Monday, January 9, 2012


One of the most intriguing and most important properties of an elementary particle is its spin. At the same time, spin is one of the conceptually most problematic quantities, and has led to an enormous amount of misunderstandings.

The reason for this is that there is something in classical physics, which is very closely related to the concept of spin. But this relation is in spirit, rather than literally, and this has led to a lot of confusion. This analogue is angular momentum.

So, first, what is angular momentum? Angular momentum is connected with any kind of rotation of a particle around some center. Formally, it is a product involving the radius of the rotation and the speed along the path of the object. In classical physics, without friction, it is conserved, and it is what keeps the planets' orbits in their respective plane. It is likely also responsible for the fact that all the orbits are more or less in the same plane, or that the milky way has the over-all form of a discus (neglecting the spiral arms). In essence, it is just a reformulation of the ordinary speed, mixed with the mass of a particle. Essentially a kinematic quantity, despite its importance.

If an object just rotates, e.g. a ball, then each of the elements of the ball rotates. This can be described by giving the ball as such an angular momentum. Since the geometry of the ball is known and fixed, it is possible to defer from this total angular momentum the angular momentum of every piece of the ball.

In the world of particles, this angular momentum is reappearing whenever there is something having some kind of relative motion. E. g. in an atom, it is possible to assign the electrons an angular momentum, which is then often called orbital angular momentum (a somewhat complicated name). However, the electrons are not actually small spheres orbiting around the nucleus, bur rather smeared out over the whole of the atom. What this precisely means, I will discuss later. The important thing is that this smeared out something has a kind of orbital movement (the whole object 'rotates' in a certain sense), and can therefore be assigned such an orbital angular momentum.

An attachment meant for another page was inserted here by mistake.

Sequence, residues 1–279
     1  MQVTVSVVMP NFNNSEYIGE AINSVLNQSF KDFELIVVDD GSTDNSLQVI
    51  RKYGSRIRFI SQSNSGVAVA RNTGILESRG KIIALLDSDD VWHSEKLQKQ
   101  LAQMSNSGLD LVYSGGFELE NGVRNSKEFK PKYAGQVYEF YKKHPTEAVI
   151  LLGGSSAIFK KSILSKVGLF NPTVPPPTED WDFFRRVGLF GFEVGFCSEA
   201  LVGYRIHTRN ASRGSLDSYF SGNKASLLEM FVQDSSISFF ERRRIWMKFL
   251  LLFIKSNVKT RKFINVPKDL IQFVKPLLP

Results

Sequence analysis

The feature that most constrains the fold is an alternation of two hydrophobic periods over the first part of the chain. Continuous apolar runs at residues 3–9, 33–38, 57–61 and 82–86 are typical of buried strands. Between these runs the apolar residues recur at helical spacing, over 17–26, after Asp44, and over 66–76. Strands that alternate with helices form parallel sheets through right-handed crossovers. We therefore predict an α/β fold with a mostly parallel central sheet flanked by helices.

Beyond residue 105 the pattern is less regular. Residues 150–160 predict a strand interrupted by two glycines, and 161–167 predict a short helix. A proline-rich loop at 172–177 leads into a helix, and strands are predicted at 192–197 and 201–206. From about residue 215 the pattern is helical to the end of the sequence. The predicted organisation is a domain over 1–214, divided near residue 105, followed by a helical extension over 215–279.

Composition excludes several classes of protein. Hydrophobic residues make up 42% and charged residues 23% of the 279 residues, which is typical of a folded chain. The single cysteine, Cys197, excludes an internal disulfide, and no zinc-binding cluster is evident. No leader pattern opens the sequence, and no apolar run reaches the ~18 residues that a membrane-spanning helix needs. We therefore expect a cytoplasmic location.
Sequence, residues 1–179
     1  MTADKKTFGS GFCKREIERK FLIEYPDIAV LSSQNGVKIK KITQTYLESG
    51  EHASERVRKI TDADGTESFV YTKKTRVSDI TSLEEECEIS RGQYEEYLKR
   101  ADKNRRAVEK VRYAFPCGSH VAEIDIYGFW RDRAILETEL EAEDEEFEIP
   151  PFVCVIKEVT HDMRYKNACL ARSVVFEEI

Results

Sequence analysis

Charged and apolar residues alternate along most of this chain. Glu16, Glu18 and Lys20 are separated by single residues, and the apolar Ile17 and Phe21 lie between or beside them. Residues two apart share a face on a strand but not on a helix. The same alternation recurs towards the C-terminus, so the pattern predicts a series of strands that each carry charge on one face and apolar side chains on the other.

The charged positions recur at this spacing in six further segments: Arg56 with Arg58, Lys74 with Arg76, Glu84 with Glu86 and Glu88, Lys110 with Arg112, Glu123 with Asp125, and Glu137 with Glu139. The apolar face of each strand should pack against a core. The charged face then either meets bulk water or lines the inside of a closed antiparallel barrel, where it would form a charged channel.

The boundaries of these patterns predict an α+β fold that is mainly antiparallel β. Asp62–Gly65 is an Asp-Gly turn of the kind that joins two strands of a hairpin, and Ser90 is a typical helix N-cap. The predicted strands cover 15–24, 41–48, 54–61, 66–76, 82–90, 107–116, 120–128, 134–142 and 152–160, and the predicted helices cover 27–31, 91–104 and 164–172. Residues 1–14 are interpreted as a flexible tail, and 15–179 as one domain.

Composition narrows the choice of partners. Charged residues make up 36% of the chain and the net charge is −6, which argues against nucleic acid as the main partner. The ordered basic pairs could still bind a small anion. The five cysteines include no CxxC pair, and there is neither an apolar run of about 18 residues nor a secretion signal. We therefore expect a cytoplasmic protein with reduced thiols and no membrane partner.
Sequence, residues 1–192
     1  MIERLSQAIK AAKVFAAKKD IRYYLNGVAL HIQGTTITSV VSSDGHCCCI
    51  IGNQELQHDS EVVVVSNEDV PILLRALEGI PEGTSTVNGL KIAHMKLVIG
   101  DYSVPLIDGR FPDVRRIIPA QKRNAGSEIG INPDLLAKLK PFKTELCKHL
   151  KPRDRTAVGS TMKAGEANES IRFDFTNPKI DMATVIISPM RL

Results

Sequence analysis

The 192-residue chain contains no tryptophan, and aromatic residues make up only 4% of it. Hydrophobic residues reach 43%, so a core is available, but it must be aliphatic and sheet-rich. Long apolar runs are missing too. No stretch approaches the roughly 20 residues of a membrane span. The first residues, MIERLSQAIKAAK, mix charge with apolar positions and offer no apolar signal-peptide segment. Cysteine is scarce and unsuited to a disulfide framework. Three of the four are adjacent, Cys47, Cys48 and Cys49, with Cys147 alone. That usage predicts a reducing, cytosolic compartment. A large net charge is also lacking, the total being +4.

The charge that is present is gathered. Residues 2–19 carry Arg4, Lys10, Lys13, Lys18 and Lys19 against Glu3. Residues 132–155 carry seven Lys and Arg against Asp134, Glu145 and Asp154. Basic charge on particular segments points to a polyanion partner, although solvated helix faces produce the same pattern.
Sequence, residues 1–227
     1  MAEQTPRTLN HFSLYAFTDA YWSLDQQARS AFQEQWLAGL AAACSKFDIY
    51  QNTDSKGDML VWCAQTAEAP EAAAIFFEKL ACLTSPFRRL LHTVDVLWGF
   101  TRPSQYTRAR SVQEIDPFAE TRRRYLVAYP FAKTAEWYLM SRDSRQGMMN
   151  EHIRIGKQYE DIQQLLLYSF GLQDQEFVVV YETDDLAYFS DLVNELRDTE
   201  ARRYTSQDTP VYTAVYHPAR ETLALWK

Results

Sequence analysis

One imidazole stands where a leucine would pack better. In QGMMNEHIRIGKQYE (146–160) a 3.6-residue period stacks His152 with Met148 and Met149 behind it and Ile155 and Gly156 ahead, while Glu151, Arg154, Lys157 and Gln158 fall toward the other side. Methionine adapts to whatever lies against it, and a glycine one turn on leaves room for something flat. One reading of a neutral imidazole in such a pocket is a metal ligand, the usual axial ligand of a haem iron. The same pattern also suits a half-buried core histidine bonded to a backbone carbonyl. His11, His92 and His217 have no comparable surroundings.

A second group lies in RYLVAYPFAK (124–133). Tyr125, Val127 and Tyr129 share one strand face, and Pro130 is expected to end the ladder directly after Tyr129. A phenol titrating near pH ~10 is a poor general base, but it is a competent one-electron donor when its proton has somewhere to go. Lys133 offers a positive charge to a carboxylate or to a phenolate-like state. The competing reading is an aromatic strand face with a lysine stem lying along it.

It is a remarkable observation in quantum physics that angular momentum cannot take any value it likes. It is quantized. The reason for this quantization is the inherent relation between angular momentum and speed, and then speed and energy. Because energy is quantized this implies that angular momentum is quantized.

As orbital angular momentum depends on the momentum, and thus on the speed, its numerical value changes when we as the observer are changing our movement. This does not change the path of the rotating objects, just our perception of it, of course. Therefore, this change of values is closely tied to our change of our coordinate system, when we move.

Now enter spin: It was very early on recognized in quantum physics that elementary particles have a property which changes in the same way as the angular momentum of the ball when we change our coordinate system. This was an intrinsic property of the particles, unchangeable. However, the elementary particles are point-like, at least to the extent we can resolve them. Thus, they cannot rotate in any way, as they do not have any extension. In fact, if this would be an ordinary angular momentum, and the elementary particles would have a small extension, then within our experimental knowledge about the upper limit of this extension, their surface would need to rotate much faster than the speed of light.

Thus, this property got its own name: Spin. This is still inspired by the similarity to (orbital) angular momentum under a change of coordinate system, but by keeping strictly the difference in name, it can always be distinguished from it. However, from time to time its is useful to refer to them both together, and in this case they are called total angular momentum, which is in principle somewhat a misnomer.

Now spin is also quantized, and there exist both half-integer and integer values for it (when choosing appropriate units). This is different from ordinary angular momentum for two reasons. First, there is no simple explanation for the quantization like for angular momentum. There is indeed a complicated explanation, which shows that for the space-time structure which we have, these are the only two possibilities consistent with this type of change under a change of the coordinate system. Second, angular momentum, when measured in the same units, can have only integer values.

The latter is an intriguing difference. It has a very important consequence: Particles having integer spin behave very different from those having a half-integer spin. Therefore, these two types of particles received different names: The former are called bosons, and the latter are called fermions. This distinction is of fundamental importance to particle physics, and therefore the next two entries will discuss both types of particles in more detail. Also, none of these types behave in the same way as an ordinary small ball. But it turns out that if one takes the classical (long-distance) limit, both behave in the same way, and like small balls: Classically fermions and bosons can not be distinguished, their existence is a pure quantum effect, which is intricately linked to the structure of space and time. That is one of the reasons why some people believe that the quantum effect of spin and gravity may be related at a deeper level, but we are very far from understanding whether this suspicion is correct.

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